Don’t count on the Federal Reserve to raise interest rates any time soon, says Bill Gross.
The bond fund manager expects the Fed to leave its key federal funds rate at 2 percent for the rest of the year.
At its June 25 meeting, the Federal Open Market Committee (FOMC) decided against a rate change, after trimming the Fed funds rate at every meeting since September. The easing totaled 3.25 percentage points.
Now, “The Fed is at neutral, where I think it should be,” Gross, CEO of PIMCO, told CNBC in a recent interview.
“The language in this statement and this debate has all the makings of a future Nobel Prize,” says Gross, referring to the statement that accompanied the June 25 FOMC decision in which the Fed discussed the risk both of slowing economic growth and rising inflation — stagflation.
“The real question is whether the central bank can bring down commodity prices by raising short-term interest rates,” Gross says.
Some Fed officials have focused their concern on rising inflation in recent speeches, and one FOMC member, Dallas Fed Bank President Richard Fisher, dissented from the June 25 decision and argued for a rate hike.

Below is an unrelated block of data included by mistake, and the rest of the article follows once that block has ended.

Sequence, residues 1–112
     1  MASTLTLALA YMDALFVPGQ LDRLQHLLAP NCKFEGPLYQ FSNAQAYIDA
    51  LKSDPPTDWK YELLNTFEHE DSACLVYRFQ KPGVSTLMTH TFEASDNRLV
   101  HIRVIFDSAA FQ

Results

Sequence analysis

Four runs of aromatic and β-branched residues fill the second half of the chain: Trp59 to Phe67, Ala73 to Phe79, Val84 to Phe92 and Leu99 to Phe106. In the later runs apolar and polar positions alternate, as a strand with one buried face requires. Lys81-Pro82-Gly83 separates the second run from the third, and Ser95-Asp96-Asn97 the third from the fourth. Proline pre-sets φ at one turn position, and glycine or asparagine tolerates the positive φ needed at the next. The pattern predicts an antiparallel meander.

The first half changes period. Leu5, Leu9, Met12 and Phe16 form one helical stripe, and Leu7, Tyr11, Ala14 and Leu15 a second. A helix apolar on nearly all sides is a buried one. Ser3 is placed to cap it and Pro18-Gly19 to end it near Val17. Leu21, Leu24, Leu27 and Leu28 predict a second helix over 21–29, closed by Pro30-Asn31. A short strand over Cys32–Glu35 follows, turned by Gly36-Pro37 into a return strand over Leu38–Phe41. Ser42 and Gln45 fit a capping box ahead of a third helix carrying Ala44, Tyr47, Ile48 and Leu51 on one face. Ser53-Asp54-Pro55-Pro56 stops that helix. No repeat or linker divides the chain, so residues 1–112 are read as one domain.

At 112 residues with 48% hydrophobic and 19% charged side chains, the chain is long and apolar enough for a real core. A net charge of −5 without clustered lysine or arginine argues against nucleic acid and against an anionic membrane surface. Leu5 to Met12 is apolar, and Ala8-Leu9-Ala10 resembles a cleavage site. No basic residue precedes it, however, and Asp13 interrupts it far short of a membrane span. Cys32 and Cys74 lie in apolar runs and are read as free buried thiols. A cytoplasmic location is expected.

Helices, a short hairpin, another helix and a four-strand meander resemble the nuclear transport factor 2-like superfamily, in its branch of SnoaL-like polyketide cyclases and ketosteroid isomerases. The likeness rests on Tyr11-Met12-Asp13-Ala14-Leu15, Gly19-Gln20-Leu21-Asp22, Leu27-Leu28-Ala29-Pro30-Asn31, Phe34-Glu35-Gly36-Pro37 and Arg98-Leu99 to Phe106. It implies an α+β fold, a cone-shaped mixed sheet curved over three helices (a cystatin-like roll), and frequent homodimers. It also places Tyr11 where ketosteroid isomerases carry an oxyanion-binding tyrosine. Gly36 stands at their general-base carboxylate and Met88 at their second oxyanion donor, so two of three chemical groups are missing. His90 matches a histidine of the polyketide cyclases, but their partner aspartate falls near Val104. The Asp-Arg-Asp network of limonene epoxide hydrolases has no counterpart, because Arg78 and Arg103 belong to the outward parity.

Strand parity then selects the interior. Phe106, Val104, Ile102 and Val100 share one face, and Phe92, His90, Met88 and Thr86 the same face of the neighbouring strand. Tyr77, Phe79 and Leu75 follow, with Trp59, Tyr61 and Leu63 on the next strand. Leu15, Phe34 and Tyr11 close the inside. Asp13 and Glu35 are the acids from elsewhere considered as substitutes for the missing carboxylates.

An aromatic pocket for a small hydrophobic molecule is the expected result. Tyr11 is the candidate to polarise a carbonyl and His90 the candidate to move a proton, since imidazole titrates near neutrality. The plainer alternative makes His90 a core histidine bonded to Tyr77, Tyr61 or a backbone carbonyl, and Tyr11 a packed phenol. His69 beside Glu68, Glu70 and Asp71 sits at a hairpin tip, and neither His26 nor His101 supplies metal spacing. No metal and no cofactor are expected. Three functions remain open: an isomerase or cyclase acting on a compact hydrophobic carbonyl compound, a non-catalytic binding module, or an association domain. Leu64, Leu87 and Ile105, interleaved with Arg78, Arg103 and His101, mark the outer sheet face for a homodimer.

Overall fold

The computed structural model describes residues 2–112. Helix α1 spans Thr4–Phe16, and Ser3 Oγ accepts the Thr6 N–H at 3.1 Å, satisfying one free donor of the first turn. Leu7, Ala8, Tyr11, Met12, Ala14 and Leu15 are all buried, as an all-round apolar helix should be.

Consumer prices rose 4.2 percent in the year through May. The S&P GSCI Commodity index rose 68 percent during the same period.
“The prior orthodoxy stressed the tradeoff between unemployment and inflation — the old Phillips curve,” Gross says.
“Now we have a debate about a new tradeoff.” Gross says that new tradeoff is how to bring down inflation without sending the economy into a tailspin. “The one that solves this puzzle can claim a piece of history,” he says.
Gross says the Fed is right to stand pat because the U.S. economic slowdown will naturally push inflation lower.
“I think the Fed does know that excess capacity will lower inflation during a period of economic slack,” he says. “That’s what we’re going to have for the next 12-18 months in my opinion, and I think the Fed recognizes that too.”
Housing and some other asset prices, of course, already are dropping. Given his view that other prices will fall soon too, Gross says, “That means that the Fed funds level at 2 percent is certainly neutral and may not even be stimulative in terms of our significant asset deflation.”
The credit crisis isn’t over yet, Gross maintains, so both the economy and financial markets could be in for rocky times ahead. “There’s still a lot of stress in the financial markets,” he says.
“There’s still a lot of leverage to be unwound. The U.S. economy and even the global economy is de-leveraging, and when an economy de-leverages, there are substantial problems and substantial risks.”
Already, economic growth averaged only a 0.8 percent annual rate in the six months through March. Meanwhile, financial institutions have suffered about $400 billion of losses and write-downs thanks to the credit crunch.
“We’ve seen write-offs in the hundreds of billions of dollars, with more to come,” Gross says. “There’s a lot of tenuous action in the financial markets these days, and I expect more of it.”
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